Habitat for Humanity of Jefferson County was the recipient of international help last week when a number of students traveled to Southeast Texas to assist with the construction of a new home.
Eighteen students from University of Guelph in Ontario, Canada, made the 1,500-mile trek to Southeast Texas to help out with the framing of a new Habitat home.
The venture is possible because of Habitat’s participation in the annual Collegiate Challenge program organized by Habitat for Humanity International. Through the Collegiate Challenge, the local affiliate will receive volunteer help from college students during their spring break, what Uliana Trylowsky, executive director for Habitat for Humanity of Jefferson County, called an “alternate spring break.”
“It’s always a pleasure to work with these groups of college students who’re so motivated and interested in helping others,” said Trylowsky. “These students travel at their own expense and stay in local churches, sleeping on the floor, so they can help us frame up a house. I am always impressed by this sense of duty and desire to help others.”Prior to getting to work, students were able to enjoy some tourist attractions during their journey to Texas, stopping by Graceland in Memphis, shopping in Louisiana, spending a day on Galveston Island, followed by a trip to Gator Country.
Construction began on a new house on Shalom Street in Beaumont on Tuesday, Feb. 22, and Trylowsky said the students were very generous.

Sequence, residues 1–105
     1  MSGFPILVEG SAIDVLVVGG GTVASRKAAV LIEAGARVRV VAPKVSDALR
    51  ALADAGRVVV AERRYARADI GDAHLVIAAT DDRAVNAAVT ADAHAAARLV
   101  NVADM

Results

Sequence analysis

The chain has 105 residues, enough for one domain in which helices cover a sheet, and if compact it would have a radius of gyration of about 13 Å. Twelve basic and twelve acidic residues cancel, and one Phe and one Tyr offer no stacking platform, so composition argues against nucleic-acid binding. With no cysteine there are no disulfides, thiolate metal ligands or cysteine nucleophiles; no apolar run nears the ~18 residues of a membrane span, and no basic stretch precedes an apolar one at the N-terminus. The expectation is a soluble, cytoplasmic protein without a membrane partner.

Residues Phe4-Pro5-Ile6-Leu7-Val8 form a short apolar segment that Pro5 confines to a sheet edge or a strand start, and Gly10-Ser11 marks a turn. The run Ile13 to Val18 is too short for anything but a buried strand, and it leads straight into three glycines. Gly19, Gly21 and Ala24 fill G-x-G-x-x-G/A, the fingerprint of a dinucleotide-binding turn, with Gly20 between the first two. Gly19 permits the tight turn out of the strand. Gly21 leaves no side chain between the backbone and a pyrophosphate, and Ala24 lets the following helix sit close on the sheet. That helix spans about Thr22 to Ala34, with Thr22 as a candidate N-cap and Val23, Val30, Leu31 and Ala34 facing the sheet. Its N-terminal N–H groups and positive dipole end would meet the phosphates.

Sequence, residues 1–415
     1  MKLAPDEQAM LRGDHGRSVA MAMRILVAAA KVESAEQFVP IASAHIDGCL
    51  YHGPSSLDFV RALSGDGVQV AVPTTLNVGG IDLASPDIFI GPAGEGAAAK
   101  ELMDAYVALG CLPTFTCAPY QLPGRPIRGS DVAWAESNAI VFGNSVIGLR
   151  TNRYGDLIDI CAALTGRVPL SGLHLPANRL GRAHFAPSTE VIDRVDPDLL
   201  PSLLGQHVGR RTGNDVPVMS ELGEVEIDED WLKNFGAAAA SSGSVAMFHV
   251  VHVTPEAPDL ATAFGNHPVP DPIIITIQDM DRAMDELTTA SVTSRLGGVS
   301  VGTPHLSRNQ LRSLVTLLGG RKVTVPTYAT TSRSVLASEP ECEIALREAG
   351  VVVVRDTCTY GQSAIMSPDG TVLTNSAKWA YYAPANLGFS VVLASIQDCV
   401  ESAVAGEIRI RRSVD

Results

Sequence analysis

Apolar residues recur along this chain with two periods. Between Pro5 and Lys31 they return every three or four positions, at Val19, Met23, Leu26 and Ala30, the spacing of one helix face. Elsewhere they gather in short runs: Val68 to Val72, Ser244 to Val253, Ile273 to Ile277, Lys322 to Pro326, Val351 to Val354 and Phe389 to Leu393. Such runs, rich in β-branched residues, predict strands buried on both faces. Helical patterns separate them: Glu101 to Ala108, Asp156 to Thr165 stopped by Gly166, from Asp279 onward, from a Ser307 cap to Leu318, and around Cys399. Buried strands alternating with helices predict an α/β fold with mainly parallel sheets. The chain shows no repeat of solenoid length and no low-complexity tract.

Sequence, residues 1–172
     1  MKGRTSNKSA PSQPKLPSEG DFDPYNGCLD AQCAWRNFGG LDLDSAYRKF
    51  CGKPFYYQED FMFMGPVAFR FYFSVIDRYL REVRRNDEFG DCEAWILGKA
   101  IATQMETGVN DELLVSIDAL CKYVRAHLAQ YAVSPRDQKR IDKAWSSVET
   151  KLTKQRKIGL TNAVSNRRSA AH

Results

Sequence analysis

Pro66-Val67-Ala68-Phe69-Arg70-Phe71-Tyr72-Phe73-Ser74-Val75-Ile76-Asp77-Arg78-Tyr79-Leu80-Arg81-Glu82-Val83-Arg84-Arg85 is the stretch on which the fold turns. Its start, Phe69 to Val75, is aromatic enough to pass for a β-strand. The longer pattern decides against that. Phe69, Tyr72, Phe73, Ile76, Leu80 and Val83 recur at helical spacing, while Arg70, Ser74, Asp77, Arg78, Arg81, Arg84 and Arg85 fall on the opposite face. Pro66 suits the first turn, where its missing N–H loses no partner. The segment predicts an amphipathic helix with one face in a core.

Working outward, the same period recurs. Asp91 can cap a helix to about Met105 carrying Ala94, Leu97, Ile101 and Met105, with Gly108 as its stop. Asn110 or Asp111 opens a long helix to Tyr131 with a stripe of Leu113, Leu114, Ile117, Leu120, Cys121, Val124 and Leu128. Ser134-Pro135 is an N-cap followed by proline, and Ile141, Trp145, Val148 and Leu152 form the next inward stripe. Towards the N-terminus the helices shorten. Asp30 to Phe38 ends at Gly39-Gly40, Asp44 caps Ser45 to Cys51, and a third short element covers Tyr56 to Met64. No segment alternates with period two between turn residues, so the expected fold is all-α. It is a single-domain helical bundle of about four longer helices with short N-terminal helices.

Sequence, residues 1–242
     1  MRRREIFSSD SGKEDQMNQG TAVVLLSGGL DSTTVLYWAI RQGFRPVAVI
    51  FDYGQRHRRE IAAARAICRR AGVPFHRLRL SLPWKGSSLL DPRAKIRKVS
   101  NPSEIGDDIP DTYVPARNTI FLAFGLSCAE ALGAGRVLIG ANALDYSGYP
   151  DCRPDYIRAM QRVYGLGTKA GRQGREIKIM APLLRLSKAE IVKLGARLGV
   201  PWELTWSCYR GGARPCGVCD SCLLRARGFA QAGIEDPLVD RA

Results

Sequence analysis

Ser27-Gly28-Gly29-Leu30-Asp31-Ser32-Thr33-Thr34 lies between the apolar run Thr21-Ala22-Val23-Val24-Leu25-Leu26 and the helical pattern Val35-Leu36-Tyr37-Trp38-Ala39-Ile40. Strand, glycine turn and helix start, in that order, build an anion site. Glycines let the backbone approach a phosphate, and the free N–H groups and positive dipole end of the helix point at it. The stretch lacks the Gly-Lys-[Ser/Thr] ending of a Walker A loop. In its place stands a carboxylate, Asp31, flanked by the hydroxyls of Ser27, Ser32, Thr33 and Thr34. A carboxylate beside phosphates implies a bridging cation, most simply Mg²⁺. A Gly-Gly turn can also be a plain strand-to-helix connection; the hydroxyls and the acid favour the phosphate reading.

“They actually pay the affiliate a donation to come and work with us. Each Habitat affiliate sets their own rate. We only charge $125 per person to come for the week. That money helps with material costs for the house and food that I buy them for lunch,” she said. “They have free lodging by staying at Wesley United Methodist Church. It’s not like staying in the hotel room, but it works for them to stay and cook their meals. And for the most part, they drive down.”
The students were able to take part in the spring break road-trip adventure that also benefits the less fortunate because the university is a Habitat campus chapter.
“Habitat for Humanity is a very big organization and it offers many different programs to attract different types of volunteers and their interest levels. One thing they do for young people to get them involved in volunteering, they have a program called Campus Chapter. The organization applies for that designation from Habitat for Humanity International. They have to be accepted as a campus chapter and be tied to the Habitat affiliate in that area,” said Trylowsky.
As members of a Habitat for Humanity campus chapter, students like those from Guelph are already active in their local communities by taking part in Habitat for Humanity.“The campus chapter will offer the alternate spring break to the students. And if they like doing that kind of thing and are looking for a fun adventure they’ll sign up,” she said.The group spent the week framing the house. And in coming weeks, other groups of students will follow in their footsteps when students from Coe College, located in Cedar Rapids, Iowa, make the trip to Southeast Texas on March 7, followed by Salem State College students from Massachusetts on March 14, and students from the University of Colorado-Boulder on March 21.
Jennifer Trahan can be reached at (409) 832-1400, ext. 248, or by e-mail at j [dot] trahan [at] theexaminer [dot] com.